Parliament Buildings of Canada – Canada’s Parliament Buildings are located high on a hill overlooking the Ottawa River, and home to the federal government. In 1857 Queen Victoria chose Ottawa for the new capital of the Province of Canada.
A competition was organized in1859 to find architects for three buildings, the Parliament building, two administrative buildings, and a Governor General’s residence. The Centre Block was awarded to Thomas Fuller and Chilion, and the East and West Blocks were awarded to Thomas Stent and Augustus Laver. The governor general’s home was never built. The location chosen for the complex was an area know as Barracks Hill, a military base, used as living quarters for the Royal Engineers working on the Rideau Canal. Ground was broken in 1859. The cornerstone of the Centre Block was laid in September 1860 by Prince Albert Edward, Prince of Wales, and future King Edward VII. All three buildings were designed in High Victorian Gothic Revival style, featuring Gothic elements, including pointed arches, lancet windows, spires with crockets and rubble-course stonework. The buildings officially opened on 6 June 1866, about a year before Confederation.
On 3 February 1916, a fire destroyed the centre block with exception of the Parliamentary Library. Reconstruction began immediately. and architects John A. Pearson and Jean-Omer Marchand were selected to redesign the Centre Block in a style similar to the original, but with more office space, which meant that an additional floor had to be added. What was left of the original walls and rubble foundation was demolished and rebuilt with load-bearing concrete walls and a steel frame.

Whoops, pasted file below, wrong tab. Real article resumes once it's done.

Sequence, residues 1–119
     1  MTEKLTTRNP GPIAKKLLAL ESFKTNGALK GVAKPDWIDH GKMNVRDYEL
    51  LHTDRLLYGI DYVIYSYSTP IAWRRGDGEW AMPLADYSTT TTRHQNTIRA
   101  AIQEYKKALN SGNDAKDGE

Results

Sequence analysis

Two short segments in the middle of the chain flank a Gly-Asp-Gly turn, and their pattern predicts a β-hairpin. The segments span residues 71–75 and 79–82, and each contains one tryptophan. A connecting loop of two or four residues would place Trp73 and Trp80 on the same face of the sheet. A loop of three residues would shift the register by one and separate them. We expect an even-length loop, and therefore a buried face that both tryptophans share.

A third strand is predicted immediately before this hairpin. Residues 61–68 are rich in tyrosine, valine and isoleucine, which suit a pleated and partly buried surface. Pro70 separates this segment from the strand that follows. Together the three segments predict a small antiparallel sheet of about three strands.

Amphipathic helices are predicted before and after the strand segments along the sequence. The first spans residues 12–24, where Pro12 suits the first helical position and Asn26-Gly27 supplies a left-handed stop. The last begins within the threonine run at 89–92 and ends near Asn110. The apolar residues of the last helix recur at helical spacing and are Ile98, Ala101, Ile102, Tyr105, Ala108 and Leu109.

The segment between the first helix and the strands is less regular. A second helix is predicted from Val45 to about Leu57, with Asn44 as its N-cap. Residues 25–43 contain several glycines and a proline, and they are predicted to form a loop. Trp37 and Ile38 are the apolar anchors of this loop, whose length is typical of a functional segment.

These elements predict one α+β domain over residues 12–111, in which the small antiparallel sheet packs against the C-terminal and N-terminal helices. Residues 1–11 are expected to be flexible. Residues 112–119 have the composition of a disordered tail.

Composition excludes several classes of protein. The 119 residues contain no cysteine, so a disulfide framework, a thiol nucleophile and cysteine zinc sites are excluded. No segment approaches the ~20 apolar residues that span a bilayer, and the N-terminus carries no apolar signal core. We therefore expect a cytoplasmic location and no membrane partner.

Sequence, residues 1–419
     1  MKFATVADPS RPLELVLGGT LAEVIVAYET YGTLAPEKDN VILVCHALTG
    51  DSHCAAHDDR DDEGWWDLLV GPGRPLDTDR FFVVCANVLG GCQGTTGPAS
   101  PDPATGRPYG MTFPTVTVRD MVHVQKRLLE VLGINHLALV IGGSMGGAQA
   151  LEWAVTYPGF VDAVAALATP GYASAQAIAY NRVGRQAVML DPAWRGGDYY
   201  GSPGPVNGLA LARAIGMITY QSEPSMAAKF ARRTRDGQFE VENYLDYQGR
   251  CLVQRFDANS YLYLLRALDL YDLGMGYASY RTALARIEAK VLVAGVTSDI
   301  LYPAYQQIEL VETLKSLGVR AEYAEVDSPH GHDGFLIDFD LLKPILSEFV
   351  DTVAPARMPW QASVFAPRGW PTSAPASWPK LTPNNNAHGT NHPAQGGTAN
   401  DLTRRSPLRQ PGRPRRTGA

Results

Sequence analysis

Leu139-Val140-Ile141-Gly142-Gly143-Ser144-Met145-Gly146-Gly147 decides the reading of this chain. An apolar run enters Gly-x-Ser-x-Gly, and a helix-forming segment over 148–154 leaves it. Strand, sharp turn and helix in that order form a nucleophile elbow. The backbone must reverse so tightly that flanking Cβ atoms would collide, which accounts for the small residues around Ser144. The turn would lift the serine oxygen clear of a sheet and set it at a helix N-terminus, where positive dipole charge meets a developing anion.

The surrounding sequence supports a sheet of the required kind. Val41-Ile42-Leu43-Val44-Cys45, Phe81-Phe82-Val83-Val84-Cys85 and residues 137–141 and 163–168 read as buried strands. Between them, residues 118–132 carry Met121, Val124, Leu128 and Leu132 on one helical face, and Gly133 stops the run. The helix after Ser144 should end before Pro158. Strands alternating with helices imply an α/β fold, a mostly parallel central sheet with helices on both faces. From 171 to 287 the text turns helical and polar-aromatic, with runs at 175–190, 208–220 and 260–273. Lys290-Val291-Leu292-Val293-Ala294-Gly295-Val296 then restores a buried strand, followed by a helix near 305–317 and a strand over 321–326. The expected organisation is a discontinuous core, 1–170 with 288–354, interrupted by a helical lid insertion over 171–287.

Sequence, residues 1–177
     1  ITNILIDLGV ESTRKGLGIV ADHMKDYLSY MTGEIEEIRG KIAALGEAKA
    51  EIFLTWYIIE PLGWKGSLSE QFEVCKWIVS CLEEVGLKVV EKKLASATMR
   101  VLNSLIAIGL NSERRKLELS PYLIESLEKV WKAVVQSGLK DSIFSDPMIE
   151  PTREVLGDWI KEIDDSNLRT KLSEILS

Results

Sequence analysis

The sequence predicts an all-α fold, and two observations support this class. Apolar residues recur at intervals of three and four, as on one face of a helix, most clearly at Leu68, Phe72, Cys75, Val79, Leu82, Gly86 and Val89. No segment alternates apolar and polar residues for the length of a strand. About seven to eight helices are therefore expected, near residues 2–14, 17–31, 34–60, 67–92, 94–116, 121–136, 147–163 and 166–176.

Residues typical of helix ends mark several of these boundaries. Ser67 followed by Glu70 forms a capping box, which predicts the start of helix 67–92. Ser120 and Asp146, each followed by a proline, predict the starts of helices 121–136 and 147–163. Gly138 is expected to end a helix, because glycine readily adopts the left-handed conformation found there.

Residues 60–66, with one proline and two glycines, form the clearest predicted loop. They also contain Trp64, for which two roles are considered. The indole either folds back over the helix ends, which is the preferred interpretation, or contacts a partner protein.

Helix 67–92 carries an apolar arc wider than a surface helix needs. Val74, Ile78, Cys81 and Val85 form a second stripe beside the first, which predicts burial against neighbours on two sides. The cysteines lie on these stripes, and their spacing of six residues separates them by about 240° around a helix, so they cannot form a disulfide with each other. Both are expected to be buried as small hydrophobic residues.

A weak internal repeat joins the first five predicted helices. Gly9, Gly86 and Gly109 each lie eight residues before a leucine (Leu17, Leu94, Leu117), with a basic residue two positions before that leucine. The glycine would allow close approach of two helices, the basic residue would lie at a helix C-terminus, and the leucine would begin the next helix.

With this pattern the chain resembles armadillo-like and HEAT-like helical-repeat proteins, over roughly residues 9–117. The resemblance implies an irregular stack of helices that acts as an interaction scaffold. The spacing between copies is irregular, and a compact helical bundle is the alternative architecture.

After Confederation in 1867, the newly opened buildings were occupied by the House of Commons, the Senate, and departmental offices of the new Dominion of Canada. It took over seven years to build most of the new Centre Block, which remained incomplete until the central Peace Tower was officially opened on 11 November 1928.
The hill was a local public meeting site before the buildings were constructed. Today people continue to visit the grounds for special occasions, including royal jubilees, state funerals and other significant events such as the annual Canada Day festivities and the ceremonial Changing of the Guard.
The Parliament Buildings and Parliament Hill were designated as a National Historic Site of Canada in 1976.